In fact you don't need to do anything as fancy as numerical relativity simulations to compute how much gravitational wave energy can be released.  As I described here, the minimum energy that can be radiated is zero, if the combined mass equals the direct sum of the initial masses, while the maximum happens if the combined mass is equal to the square root of the sum of the squares of the initial masses (just like the Pythagorean theorem).  That limit comes from the laws of black hole thermodynamics, and specifically that the horizon area, being proportional to the entropy, cannot decrease in the merger.

Example:  Combine two 1-million solar mass black holes, and the resulting mass can be anywhere between 1.414 million solar masses and 2 million solar masses, meaning anything up to about 586,000 solar masses worth of gravitational waves can be emitted.  That is a huge amount of energy.  But again it says nothing about what happens inside.  All it says is the mass of the final black hole was less than you'd get by directly adding them.  Mass-energy is conserved, so the difference is what was radiated.

A-L-E-X wrote:
Source of the post I think we discussed it before- It was an observation about early universe black holes being much more massive than they should be, considering how young the universe was back then Roger Penrose used to back up his conjecture that those black holes must've been a holdover from a previous universe.

Yes, I said back then that this conjecture was absurd, like proposing that anything unexplained must be due to aliens.  And thanks to newer research, we do have a good understanding of how those black holes grew so large so quickly, without being remnants of a previous universe.
 
A-L-E-X
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03 Dec 2019 13:48

Watsisname wrote:
A-L-E-X, it's no secret or surprise that black hole mergers release a lot of energy in gravitational waves.  Detailed simulations of mergers and the gravitational waves they emit have been performed for about a decade, largely so that scientists can interpret the results of LIGO detections and test general relativity's predictions.  But that's not what you said you read, and the radiated energy has nothing to do with the idea that they would form a new universe inside.  There are no simulations showing what happens inside the merged black hole.  If there were, they would be wrong anyway, because we do not know the initial conditions for the spacetime geometry in the original black holes.  The Kerr metric does not correctly describe the interior of a real black hole.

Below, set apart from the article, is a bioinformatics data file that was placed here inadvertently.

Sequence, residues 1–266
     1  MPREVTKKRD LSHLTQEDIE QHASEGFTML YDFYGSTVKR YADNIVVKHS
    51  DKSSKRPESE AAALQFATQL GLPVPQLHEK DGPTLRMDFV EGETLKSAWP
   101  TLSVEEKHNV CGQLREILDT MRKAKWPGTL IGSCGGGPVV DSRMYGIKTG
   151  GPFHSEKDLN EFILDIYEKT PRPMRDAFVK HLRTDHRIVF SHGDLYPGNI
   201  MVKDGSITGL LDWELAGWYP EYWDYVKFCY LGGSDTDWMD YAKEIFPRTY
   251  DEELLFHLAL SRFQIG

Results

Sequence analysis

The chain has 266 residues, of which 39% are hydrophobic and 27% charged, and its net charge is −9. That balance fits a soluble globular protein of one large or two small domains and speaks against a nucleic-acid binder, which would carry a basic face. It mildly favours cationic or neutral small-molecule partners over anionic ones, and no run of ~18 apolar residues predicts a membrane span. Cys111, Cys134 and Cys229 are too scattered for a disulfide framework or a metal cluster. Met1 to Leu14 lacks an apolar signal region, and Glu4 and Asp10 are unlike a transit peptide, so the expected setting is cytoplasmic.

In fact you don't need to do anything as fancy as numerical relativity simulations to compute how much gravitational wave energy can be released.  As I described here, the minimum energy that can be radiated is zero, if the combined mass equals the direct sum of the initial masses, while the maximum happens if the combined mass is equal to the square root of the sum of the squares of the initial masses (just like the Pythagorean theorem).  That limit comes from the laws of black hole thermodynamics, and specifically that the horizon area, being proportional to the entropy, cannot decrease in the merger.

Example:  Combine two 1-million solar mass black holes, and the resulting mass can be anywhere between 1.414 million solar masses and 2 million solar masses, meaning anything up to about 586,000 solar masses worth of gravitational waves can be emitted.  That is a huge amount of energy.  But again it says nothing about what happens inside.  All it says is the mass of the final black hole was less than you'd get by directly adding them.  Mass-energy is conserved, so the difference is what was radiated.